Welcome the debut album that is unlike any other
Those old enough to remember the classic U.S comedies of the 1980s will remember that they used to love to tell you that they were “filmed in front of a live studio audience.”
For their debut record, The Magpie Salute resurrected this premise.
All but one of the ten tracks here were tracked live on stage in Woodstock, and it suits the vibe perfectly.
To understand why, you probably need to understand exactly who TMS are. Rich Robinson and Marc Ford were the driving force (along, it must be said, with the brilliant vocals of Rich’s brother Chris) of The Black Crowes. And Magpie Salute sees the pair reunited.
Joining them in this endeavour are former Crowes bassist Sven Pipien, drummer Joe Magistro and guitarist Nico Bereciartua, while the group also boasts a fine cast of vocalists, including Rich Robinson, Ford, lead singer John Hogg (Hookah Brown, Moke), former Crowes singer Charity White and background singers, Adrien Reju and Katrine Ottosen.
The reason this all matters goes beyond some desire to see The Black Crowes back together, the reason this matters is because the style of their music always caught you by surprise. For every “Hard To Handle”, “Remedy” or “Stop Kicking My Heart Around” there was always the other song. The one that thought jam bands like Gov’t Mule or Grateful Dead were a lot of fuss about nothing and really wanted to let go.
To that end there are a couple of Crowes tunes here. “Wiser Time” (perhaps their most underrated song) is given full reign, with the piano work really setting it apart. Just before that “What Is Home” is like a slowed down Faces to start, before settling for a laid back sun-drenched vibe.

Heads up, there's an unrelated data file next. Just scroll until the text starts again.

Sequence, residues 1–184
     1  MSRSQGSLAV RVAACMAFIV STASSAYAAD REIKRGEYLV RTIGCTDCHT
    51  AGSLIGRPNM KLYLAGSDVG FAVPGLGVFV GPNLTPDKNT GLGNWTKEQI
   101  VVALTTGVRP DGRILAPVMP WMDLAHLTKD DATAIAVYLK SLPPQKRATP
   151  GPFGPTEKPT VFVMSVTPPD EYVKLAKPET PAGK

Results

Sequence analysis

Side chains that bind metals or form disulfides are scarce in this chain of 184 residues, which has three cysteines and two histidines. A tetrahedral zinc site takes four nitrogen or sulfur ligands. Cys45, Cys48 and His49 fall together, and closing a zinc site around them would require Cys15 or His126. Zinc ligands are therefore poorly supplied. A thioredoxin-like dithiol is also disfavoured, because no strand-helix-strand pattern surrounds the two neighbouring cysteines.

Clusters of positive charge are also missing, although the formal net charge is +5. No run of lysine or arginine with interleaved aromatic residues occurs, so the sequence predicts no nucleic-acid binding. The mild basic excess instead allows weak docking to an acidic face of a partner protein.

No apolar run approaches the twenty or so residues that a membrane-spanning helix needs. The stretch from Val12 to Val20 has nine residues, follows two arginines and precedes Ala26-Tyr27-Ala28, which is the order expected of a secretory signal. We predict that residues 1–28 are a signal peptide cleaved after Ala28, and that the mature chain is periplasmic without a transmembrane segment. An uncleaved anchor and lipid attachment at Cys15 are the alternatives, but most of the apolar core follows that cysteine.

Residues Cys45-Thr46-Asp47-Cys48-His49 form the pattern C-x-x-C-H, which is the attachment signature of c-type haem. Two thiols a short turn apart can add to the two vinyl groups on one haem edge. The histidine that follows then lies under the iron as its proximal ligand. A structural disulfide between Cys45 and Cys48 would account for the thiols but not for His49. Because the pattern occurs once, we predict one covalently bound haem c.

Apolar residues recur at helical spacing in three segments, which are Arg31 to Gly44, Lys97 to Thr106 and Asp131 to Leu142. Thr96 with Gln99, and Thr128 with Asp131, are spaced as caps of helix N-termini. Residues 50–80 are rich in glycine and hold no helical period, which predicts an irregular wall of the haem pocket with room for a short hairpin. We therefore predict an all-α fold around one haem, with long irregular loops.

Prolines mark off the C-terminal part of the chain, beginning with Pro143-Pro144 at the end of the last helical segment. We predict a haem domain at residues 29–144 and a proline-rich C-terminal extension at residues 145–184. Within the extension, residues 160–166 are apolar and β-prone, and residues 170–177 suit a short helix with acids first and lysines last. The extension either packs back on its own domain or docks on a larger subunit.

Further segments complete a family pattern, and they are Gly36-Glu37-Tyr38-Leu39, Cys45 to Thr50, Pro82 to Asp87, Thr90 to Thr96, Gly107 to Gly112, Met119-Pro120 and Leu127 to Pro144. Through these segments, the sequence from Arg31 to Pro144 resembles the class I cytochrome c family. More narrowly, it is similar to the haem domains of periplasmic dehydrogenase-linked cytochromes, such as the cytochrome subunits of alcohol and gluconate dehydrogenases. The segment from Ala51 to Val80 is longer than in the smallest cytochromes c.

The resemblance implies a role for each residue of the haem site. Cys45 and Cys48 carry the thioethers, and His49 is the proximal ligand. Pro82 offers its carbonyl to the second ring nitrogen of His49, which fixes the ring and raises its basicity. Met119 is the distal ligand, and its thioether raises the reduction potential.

Indeed, laid back and sun-drenched are epithets that suit the record perfectly. You can hear the band working out the arrangements of “Goin’ Down South” – a jam that includes a xylophone, just because it can – and “War Drums” which would much rather make love not war thanks all the same.
Rather like a group of people that have tomorrow off and a hammock to lie in, there is absolutely no urgency here and that’s just fine. “Ain’t No More Cane” is a bluesy, country rock slice of gorgeousness worthy of the Allman Brothers, “Fearless” likes that thought so much it does it again, with a dose of something approaching psychedelics to boot, while “Glad And Sorry” (appreciably the shortest thing here) has some of the most glorious Hammond Organ you will find anywhere.
It closes with something that is a little reggae infused in the shape of “Time Will Tell”, but it is the opener that most interests. “Omission” is the only song here that was recorded in the studio and showcases Hogg’s fine abilities. No doubt the rest of the album could have been like this too, it was just so much more fun to make a record like the one they did.
The next great jam band takes flight, right here.